The emphasis on relationships within data makes a structural approach to pattern recognition most sensible for data which contain an inherent, identifiable organization such as image data (which is organized by location within a visual rendering) and time-series data (which is organized by time); data composed of independent samples of quantitative measurements, lack ordering and require a statistical approach. Methodologies used to extract structural features from image data such as morphological image processing techniques result in primitives such as edges, curves, and regions; feature extraction techniques for time-series data include chain codes, piecewise linear regression, and curve fitting which are used to generate primitives that encode sequential, time-ordered relationships. The classification task arrives at an identification using parsing: the extracted structural features are identified as being representative of a particular group if they can be successfully parsed by a syntactic grammar. When discriminating among more than two groups, a syntactic grammar is necessary for each group and the classifier must be extended with an adjudication scheme so as to resolve multiple successful parsings.

Figure 1.11: The statistical and structural approaches to pattern recognition applied to a common identification problem. The goal is to discriminate between the square and the triangle. A statistical approach extracts quantitative features which are assembled into feature vectors for classification with a decision-theoretic classifier. A structural approach extracts morphological features and their interrelationships, encoding them in relational graphs; classification is performed by parsing the relational graphs with syntactic grammars.


Figure 1.11 demonstrates how both approaches can be applied to the same identification problem. The goal is to differentiate between the square and the triangle. A statistical approach extracts quantitative features such as the number of horizontal, vertical, and diagonal segments which are then passed to a decision-theoretic classifier. A structural approach extracts morphological features and their interrelationships within each figure. Using a straight line segment as the elemental morphology, a relational graph is generated and classified by determining the syntactic grammar that can successfully parse the relational graph. In this example, both the statistical and structural approaches would be able to accurately distinguish between the two geometries. In more complex data, however, discriminability is directly influenced by the particular approach employed for pattern recognition because the features extracted represent different characteristics of the data.

A summary of the differences between statistical and structural approaches to pattern recognition is shown in Table 1.1. The essential dissimilarities are two-fold: (1) the description generated by the statistical approach is quantitative, while the structural approach produces a description composed of subpatterns or building blocks; and (2) the statistical approach discriminates based upon numeric differences among features from different groups, while grammars are used by the structural approach to define a language encompassing the acceptable configurations of primitives for each group. Hybrid systems can combine the two approaches as a way to compensate for the drawbacks of each approach, while conserving the advantages of each. As a single level system, structural features can be used with either a statistical or structural classifier. Statistical features cannot be used with a structural classifier because they lack relational information, however statistical information can be associated with structural primitives and used to resolve ambiguities during classification (e.g., as when parsing with attributed grammars) or embedded directly in the classifier itself (e.g., as when parsing with stochastic grammars). Hybrid systems can also combine the two approaches into a multilevel system using a parallel or a hierarchical arrangement.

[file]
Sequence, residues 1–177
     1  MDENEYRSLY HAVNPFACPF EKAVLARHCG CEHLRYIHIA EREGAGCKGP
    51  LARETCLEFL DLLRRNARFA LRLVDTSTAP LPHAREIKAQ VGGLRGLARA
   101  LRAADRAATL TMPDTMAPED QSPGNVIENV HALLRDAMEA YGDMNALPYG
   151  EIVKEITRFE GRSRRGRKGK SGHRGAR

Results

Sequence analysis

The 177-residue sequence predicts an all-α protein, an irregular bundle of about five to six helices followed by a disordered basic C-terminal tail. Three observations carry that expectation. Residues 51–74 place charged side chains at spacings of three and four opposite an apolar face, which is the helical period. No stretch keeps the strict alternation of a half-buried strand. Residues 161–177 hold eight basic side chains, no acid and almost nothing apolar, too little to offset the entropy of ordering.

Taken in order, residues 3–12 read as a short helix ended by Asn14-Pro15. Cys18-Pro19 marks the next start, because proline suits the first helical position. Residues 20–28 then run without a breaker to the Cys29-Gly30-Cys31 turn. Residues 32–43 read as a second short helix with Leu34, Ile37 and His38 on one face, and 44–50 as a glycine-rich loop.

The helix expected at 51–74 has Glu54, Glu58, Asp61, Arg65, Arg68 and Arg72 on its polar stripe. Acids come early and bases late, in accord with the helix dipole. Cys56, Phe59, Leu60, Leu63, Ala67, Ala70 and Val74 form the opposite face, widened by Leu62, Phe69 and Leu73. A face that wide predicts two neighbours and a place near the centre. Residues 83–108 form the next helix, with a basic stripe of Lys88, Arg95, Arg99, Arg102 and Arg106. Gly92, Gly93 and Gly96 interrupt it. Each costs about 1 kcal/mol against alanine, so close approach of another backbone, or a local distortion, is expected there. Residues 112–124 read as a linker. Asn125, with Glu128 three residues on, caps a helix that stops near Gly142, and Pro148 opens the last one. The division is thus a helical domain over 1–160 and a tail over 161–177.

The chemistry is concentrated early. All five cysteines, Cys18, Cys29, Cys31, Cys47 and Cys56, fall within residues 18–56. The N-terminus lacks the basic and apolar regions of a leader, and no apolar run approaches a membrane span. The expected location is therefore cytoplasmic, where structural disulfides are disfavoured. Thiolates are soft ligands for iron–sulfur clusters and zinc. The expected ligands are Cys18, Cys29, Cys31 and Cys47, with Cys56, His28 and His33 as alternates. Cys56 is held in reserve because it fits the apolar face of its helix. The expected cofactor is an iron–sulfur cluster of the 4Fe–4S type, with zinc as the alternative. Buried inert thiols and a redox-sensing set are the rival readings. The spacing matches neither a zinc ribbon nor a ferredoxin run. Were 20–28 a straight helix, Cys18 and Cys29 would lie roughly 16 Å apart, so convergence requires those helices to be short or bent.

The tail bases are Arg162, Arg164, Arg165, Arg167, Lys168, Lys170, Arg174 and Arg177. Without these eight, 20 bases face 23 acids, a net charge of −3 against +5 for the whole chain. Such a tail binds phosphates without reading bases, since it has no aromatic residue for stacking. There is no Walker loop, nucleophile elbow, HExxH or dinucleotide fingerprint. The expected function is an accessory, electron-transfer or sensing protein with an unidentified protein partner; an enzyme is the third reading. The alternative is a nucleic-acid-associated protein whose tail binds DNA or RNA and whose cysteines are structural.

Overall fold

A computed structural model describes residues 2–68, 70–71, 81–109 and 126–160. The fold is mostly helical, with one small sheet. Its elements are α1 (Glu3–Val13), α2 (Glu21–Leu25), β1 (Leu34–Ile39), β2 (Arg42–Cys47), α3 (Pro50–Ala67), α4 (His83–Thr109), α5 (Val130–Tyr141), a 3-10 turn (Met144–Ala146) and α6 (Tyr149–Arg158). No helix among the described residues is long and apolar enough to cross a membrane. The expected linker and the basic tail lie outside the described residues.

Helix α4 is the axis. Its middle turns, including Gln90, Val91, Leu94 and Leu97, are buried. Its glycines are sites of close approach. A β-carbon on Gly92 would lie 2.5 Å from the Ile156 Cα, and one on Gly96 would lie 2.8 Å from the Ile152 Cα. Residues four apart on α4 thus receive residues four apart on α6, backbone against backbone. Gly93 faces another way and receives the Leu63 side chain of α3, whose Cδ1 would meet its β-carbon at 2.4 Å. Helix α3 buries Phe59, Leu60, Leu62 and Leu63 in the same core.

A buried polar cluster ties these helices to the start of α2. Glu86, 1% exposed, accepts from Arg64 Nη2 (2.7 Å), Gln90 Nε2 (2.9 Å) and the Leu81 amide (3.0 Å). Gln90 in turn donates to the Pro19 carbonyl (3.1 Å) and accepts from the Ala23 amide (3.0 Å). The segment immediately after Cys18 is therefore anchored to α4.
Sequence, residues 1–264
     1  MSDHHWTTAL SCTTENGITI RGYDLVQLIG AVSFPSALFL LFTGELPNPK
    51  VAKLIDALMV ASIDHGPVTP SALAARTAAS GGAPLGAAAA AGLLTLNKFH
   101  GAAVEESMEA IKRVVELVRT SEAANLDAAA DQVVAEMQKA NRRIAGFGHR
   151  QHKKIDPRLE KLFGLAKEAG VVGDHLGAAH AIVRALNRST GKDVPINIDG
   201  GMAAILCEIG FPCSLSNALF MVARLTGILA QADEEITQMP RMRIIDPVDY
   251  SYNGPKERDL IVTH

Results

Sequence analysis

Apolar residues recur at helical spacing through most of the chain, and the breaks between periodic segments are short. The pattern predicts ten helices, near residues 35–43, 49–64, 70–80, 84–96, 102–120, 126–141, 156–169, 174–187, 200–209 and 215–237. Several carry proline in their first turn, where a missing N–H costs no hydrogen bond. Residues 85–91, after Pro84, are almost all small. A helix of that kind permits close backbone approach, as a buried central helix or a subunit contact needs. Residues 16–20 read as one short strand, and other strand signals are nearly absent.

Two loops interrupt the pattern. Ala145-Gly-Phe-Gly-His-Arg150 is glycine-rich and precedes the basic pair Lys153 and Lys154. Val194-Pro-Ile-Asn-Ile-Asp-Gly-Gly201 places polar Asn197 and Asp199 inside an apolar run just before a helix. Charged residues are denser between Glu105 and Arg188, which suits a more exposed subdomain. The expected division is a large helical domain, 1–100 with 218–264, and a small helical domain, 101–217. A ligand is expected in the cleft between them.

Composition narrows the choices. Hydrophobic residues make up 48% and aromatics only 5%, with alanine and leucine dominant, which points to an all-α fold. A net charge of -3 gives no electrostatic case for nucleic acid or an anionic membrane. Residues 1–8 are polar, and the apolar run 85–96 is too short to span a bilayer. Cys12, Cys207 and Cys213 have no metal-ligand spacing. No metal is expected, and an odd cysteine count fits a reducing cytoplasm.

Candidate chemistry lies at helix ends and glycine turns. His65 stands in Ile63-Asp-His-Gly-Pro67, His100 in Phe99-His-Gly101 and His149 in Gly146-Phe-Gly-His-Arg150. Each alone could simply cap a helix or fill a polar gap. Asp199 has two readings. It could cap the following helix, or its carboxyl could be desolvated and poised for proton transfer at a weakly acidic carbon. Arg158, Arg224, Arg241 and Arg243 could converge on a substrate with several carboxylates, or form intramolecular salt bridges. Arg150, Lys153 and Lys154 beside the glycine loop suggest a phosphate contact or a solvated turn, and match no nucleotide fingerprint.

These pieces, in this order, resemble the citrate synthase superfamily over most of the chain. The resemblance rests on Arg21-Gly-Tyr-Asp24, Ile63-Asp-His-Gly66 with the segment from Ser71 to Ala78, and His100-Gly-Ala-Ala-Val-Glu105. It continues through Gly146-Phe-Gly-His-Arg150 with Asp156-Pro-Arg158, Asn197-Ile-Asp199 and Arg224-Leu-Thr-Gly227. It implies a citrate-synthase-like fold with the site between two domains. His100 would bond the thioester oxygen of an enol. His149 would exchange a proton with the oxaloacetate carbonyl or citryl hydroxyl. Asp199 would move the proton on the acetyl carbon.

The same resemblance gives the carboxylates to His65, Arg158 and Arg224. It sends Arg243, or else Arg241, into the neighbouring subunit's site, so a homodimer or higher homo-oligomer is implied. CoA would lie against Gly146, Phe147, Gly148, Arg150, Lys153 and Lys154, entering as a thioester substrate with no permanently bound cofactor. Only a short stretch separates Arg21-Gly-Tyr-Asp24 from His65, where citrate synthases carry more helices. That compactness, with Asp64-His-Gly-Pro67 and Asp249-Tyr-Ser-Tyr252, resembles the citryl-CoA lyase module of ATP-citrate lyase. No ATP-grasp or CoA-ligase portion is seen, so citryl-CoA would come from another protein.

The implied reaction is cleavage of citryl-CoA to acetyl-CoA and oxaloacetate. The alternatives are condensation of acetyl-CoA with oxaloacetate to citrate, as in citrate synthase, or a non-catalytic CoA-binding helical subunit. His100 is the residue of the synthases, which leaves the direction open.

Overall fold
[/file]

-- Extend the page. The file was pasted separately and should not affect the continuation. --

Table 1.1: A summary of the differences between statistical and structural approaches to pattern recognition. Due to their divergent theoretical foundations, the two approaches focus on different data characteristics and employ distinctive techniques to implement both the description and classification tasks.

1.5 Pattern Recognition Systems

In describing our hypothetical fish classification system, we distinguished between the three different operations of preprocessing, feature extraction and classification (see Figure 1.3). To understand the problem of designing such a system, we must understand the problems that each of these components must solve [2].

1.5.1 Sensing

The input to a pattern recognition system is often some kind of a transducer, such as a camera or a microphone array. The difficulty of the problem may well depend on the characteristics and limitations of the transducer- its bandwidth, resolution, sensitivity, distortion, signal-to-noise ratio, latency, etc.

1.5.2 Segmentation and Grouping

In our fish example, we assumed that each fish was isolated, separate from others on the conveyor belt, and could easily be distinguished from the conveyor belt. In practice, the fish would often be overlapping, and our system would have to determine where one fish ends and the next begins-the individual patterns have to be segmented. If we have already recognized the fish then it would be easier to segment their images. How can we segment the images before they have been categorized, or categorize them before they have been segmented? It seems we need a way to know when we have switched from one model to another, or to know when we just have background or no category. How can this be done? Segmentation is one of the deepest problems in pattern recognition. Closely related to the problem of segmentation is the problem of recognizing or grouping together the various pans of a composite object.

1.5.3 Feature Extraction

The conceptual boundary between feature extraction and classification proper is somewhat arbitrary: An ideal feature extractor would yield a representation that makes the job of the classifier trivial; conversely, an omnipotent classifier would not need the help of a sophisticated feature extractor The distinction is forced upon us for practical rather than theoretical reasons.